Building a Welcoming Community by nyut545e2


									  Building a Welcoming Community
  Newsletter Number 13                             Spring 2009        Charity Ref No XR92283

Launch of AICCMR Directory of Migrant-Led                             knowledge that this form of worship dates back almost 2000
                                                                      years, Fr Irenaeus says people feel free to worship in ‘a non-
Churches & Chaplaincies
                                                                      threatening environment where you can immerse yourself in
The Directory of Migrant–Led Churches & Chaplaincies was
produced by the All-Ireland Churches Consultative Meeting on
Racism (AICCMR) as a resource for migrants, visitors to Ireland,
the media, community groups, Christian churches and service
providers. The research was carried out by Dr Livingstone
Thompson and Dr Alan Bruce in the Republic of Ireland and Dr
Scott Boldt (EMBRACE chairperson), Yvonne Naylor, Rob
Fairmichael and Naomi Brown in Northern Ireland. The booklet
provides a snapshot in time. The information is inevitably going to
change so it will be updated regularly on the inter-church web
site The booklet can also be printed off
from the EMBRACE web site.
    The directory shows that there are 361 new local faith
communities, congregations and chaplaincies run by migrants and
for migrants; 33 are in Northern Ireland.
    Michael Earle, General Secretary of the Irish Council of
Churches and Executive Secretary of the Irish Inter-Church
Meeting, explains in the introduction why new churches are
formed: ‘Many of our new neighbours come from strong church-
going backgrounds and look for an identity with their homeland        The Don’t Be a Stranger Campaign
that helps them make the huge adjustment to living in a new           The Evangelical Alliance’s Don’t Be a Stranger campaign is aimed
country’. Many others, however, are ‘adding to the significant        at encouraging the public to build strong communities that are
growth taking place within indigenous churches’.                      especially welcoming to migrants. It showcases the stories of
    Speakers highlighted how difficult it can be for us to accept     newcomers to the UK, and the churches working with them. See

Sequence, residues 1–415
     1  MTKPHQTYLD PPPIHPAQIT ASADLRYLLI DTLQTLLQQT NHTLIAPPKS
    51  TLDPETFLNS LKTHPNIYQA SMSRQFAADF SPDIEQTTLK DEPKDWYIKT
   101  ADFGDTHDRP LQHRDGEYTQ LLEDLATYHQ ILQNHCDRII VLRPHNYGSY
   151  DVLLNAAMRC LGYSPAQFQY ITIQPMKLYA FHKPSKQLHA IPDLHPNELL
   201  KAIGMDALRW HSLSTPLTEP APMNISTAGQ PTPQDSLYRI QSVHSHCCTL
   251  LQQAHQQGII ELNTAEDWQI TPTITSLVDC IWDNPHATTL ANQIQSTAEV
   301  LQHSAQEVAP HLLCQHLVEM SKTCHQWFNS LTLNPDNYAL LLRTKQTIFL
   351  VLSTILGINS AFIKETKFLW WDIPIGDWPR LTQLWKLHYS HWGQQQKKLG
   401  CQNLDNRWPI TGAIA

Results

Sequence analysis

things being done in a different way. As Scott Boldt said, it is
both ‘incredibly exciting and incredibly daunting’. Protestant and        The campaign was launched at the EA’s flagship event, the
Catholic difference is no longer the sole dynamic, with some of       Temple Address, 28 November, 2008. In his address, Archbishop
the new churches not recognising each other as Christian.             John Sentamu spoke of his dislike of the word ‘tolerance’. Where
    Fr Irenaeus du Plessis, of the Antiochian Church of St            he grew up in Africa, what was practiced was ‘magnanimity’,
Ignatius, Belfast, (pictured right) formally launched the book        meeting the other person half way.
with a moving address that emphasised the positive potential of           When Archbishop William Temple gave his lecture in 1943 he
the situation. Christians are all strangers on this earth with a      argued the need for the economy to be seen as the servant not
theology that instructs us to make foreigners welcome. If we          the master. He said that non-economic questions had to be asked
despise people here, what will we say to them in the hereafter?       as to whether economic methods or structures help or hinder the
                                                                      development of people in community. John Sentamu argues that
    ‘The womb of the church is much wider than our concept.’
                                                                      recovery today can only begin when these questions are answered
He sees his own newly opened church in North Belfast (see             through neighbourliness and mercy, community and service. You
below) as a house of prayer for all nations.                          can see a section of Archbishop John Sentamu’s address and
                                                                      some of the reactions to it on the Evangelical Alliance web site
Antiochian Orthodox Church Opens in Belfast                 
The ancient church of Antioch dates back to the earliest years            A second video examines how Christians have responded to
of Christianity. Their first church locally is the Church of St       increased migration in the UK. You can also read more about the
Ignatius, in the former St James’ Church of Ireland building on       campaign and download a full copy of the address:
the corner of Antrim Rd and Cliftonville Rd, Belfast. People from
many countries, including Bulgaria, Georgia, Greece, Russia,
                                                                      ‘…be imitators of God, as beloved children. And walk in
Serbia and Ukraine attend services and find fellowship there.
                                                                      love, as Christ loved us…’ Ephesians 5 1–2
They have a pan-orthodox policy and a Romanian Orthodox
congregation uses the church regularly. Read more on their web        Please note our new address:
See also the Orthodox Ireland Pilgrimage site.
                                                                      Contact us: EMBRACE and                       48 Elmwood Ave, Belfast BT9 6AZ                                 Tel: 079699 21328
    From 12 o’clock to 6 o’clock on Saturdays there is an
exhibition of icons and, at 6 o’clock, the service of Great Vespers